Belarusian authorities aim to tighten control over IT and boost its role in economy

March 20, 2017 10:10
Image: kp.by

The president has demonstrated a loyal attitude to the IT sector, and simultaneously stepped up control over the industry. By appointing a compromise candidate, Vsevolod Yanchevsky, to lead the High Tech Park, the Belarusian authorities aspire to relax tension between the IT sector and the state, which occurred following Tsepkalo’s dismissal. Apparently, the Belarusian leadership envisages applying private business practices in traditional industries to the IT sector, i.e. allowing large businesses to develop in exchange for the loyalty to the current authorities and their financial needs.

The president has appointed his aide, Chair of the Supervisory Board of the HTP and long time supervisor of the IT industry, Vsevolod Yanchevsky, as he Head of the HTP Administration.

Amid distress in traditional industries, the state has stepped up its interest in the IT development in an attempt to boost economic growth. The president counts on prompt economic effects thanks to large investment in the economy. For instance, last week he visited Belarusian IT companies together with Russian billionaire and IT investor Mikhail Gutseriev. Meanwhile, apparently not all senior officials from the president’s inner circle share his views, so they speak about the long-term IT development in order to prevent criticism in his regard in the future.

IT sector leaders have reacted positively to the appointment of former chief ideologist from the presidential administration Yanchevsky to lead the HTP. Yanchevsky is probably the only official in the top echelon of the state administration, who is closely familiar with the IT and communication technologies, and suits both, the authorities and IT entrepreneurs.

It is worth noting that, along with his appointment as the HTP Head, Yanchevsky is attempting to strengthen his lobbying potential by creating an additional bureaucratic structure - the Public Council for IT Development, which would include officials and business representatives.

The Belarusian leadership seems ready for gradual structural transformations in the economy in Belarus and takes measures to ensure it retains control over new promising sectors.

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Yet Minsk has not decided on the "patriots' case" and is attempting to break new grounds in relations with the West. Meanwhile, Brussels is ready to lower cooperation levels with the Belarusian authorities in anticipation of new political prisoners to appear after the trial against former White Legion activists, irrelevant of the charges, either preparation for riots, or creation of illegal armed groups, or any other. Minsk is unlikely to cross the red line in bilateral relations with the West and new political prisoners are unlikely to appear in Belarus.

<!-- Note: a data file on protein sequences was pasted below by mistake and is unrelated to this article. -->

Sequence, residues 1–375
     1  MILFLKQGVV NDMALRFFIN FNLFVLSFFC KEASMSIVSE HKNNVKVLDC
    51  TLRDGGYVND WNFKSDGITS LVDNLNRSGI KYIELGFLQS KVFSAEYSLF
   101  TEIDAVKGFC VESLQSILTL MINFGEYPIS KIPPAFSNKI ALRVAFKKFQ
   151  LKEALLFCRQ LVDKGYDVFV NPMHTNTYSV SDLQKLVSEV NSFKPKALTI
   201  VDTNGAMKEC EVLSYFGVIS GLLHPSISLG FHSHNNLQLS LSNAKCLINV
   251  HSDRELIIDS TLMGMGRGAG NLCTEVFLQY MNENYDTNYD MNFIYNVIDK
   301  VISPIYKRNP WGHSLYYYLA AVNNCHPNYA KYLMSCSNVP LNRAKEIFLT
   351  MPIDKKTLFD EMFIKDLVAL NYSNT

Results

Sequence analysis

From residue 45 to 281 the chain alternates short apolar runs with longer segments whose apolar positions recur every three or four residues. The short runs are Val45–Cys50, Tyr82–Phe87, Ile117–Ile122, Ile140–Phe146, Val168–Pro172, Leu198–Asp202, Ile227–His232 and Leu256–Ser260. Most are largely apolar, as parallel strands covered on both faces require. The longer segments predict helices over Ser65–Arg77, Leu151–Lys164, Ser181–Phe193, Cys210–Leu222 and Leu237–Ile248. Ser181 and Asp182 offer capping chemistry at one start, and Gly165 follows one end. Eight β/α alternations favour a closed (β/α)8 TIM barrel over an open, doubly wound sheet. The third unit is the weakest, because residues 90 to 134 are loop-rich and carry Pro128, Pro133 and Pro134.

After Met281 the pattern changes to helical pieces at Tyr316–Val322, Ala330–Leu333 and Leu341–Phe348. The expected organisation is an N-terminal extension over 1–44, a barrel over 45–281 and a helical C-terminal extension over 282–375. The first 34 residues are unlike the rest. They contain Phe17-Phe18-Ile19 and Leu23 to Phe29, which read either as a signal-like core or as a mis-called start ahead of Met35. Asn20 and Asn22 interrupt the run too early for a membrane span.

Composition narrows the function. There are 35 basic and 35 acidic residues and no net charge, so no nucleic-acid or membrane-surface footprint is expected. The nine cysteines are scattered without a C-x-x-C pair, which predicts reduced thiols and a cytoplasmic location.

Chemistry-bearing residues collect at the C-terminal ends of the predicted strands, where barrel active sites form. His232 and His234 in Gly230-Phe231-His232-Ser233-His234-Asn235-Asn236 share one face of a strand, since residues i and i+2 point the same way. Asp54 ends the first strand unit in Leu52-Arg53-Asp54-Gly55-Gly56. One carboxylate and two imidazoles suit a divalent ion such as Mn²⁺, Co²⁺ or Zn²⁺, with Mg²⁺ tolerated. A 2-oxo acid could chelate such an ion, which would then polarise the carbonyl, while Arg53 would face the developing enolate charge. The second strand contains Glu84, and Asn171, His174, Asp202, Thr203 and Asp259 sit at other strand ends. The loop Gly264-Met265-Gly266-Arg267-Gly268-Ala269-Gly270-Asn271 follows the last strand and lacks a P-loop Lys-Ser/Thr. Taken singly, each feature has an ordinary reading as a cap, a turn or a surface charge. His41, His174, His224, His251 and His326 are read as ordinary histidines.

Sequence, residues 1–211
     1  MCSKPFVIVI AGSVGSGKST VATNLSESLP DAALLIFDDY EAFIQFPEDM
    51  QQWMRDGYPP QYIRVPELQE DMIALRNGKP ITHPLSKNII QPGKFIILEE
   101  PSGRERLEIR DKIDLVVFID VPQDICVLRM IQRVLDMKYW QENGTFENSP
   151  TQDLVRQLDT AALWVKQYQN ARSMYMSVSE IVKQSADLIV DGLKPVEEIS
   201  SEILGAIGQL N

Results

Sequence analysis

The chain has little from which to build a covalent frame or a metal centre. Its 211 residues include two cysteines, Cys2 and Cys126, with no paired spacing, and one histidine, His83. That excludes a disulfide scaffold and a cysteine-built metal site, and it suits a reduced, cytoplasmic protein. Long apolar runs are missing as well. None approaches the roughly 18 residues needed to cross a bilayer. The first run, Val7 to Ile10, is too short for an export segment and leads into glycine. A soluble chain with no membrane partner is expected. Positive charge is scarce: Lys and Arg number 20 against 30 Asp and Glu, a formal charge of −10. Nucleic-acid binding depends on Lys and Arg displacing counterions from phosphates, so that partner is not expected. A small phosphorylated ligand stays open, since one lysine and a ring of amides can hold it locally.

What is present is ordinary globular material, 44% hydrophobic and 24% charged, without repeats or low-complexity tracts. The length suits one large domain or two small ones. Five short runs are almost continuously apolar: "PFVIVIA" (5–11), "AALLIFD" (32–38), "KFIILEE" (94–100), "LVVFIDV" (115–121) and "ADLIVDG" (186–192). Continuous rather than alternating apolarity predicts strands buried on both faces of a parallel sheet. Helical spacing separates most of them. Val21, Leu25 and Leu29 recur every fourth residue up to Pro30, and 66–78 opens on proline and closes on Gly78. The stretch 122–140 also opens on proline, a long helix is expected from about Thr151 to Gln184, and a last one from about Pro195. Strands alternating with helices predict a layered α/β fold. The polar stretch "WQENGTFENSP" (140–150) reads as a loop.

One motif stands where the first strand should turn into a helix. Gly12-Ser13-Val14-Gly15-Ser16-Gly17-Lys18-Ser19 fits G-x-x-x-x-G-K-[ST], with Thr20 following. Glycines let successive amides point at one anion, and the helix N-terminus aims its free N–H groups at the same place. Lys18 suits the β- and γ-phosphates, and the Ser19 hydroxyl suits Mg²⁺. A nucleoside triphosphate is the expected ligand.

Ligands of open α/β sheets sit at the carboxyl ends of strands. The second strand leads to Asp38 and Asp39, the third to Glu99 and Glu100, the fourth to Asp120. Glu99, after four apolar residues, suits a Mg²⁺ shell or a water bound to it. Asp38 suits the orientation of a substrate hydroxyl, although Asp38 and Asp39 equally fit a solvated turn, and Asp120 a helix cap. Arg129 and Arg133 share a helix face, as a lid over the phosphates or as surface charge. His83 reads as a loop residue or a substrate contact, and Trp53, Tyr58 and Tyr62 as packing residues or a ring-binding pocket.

The harsh clampdown on protests and arrests this spring in Belarus are unlikely to lead to new moves by the European Union, however, the EU would closely monitor ‘some investigations’, including the ‘patriot’s case’ aka the ‘White Legion’ case.

According to human rights defenders, 17 people remain in custody, of which 16 are former members of the White Legion and one supporter of Statkevich-led the Belarusian National Committee, Sergei Kuntsevich. The law enforcement has been releasing former activists of the White Legion and members of the Patriot Club, most likely in order to mitigate criticism from Western capitals. Amid Minsk Dialogue expert conference with the participation of Belarusian and EU officials, the authorities released from custody head of the Bobruisk "Patriot" Club Nikolai Mikhalkov. In addition, the Belarusian leadership expects to ease some tension by demonstrating greater openness to a dialogue with civil society on human rights issues. For instance, for the first time the Belarusian authorities and human rights defenders held consultations on Belarus’ fifth periodic report to the UN Human Rights Committee.

The Belarusian leadership has attempted to mitigate the West’s attitude towards the criminal prosecution against former activists of the "White Legion" by adding charges of creating an ‘illegal armed formation’ to ‘preparing for mass riots’ charges.

Apparently, Minsk also gains from speculations about possible disagreements among the executives - supporters of stronger ties with Russia, and "pro-Western" reformists lead by Foreign Minister Makei. That said, the Presidential Administration and President Lukashenka have full control over the foreign policy agenda and the law enforcement.

Overall, Minsk is determined to develop relations with Western capitals. The Belarusian authorities are likely to take controversial actions, i.e. to demonstrate the desire for liberalization in some areas and occasionally tighten repressions against the opponents, however without creating new political prisoners.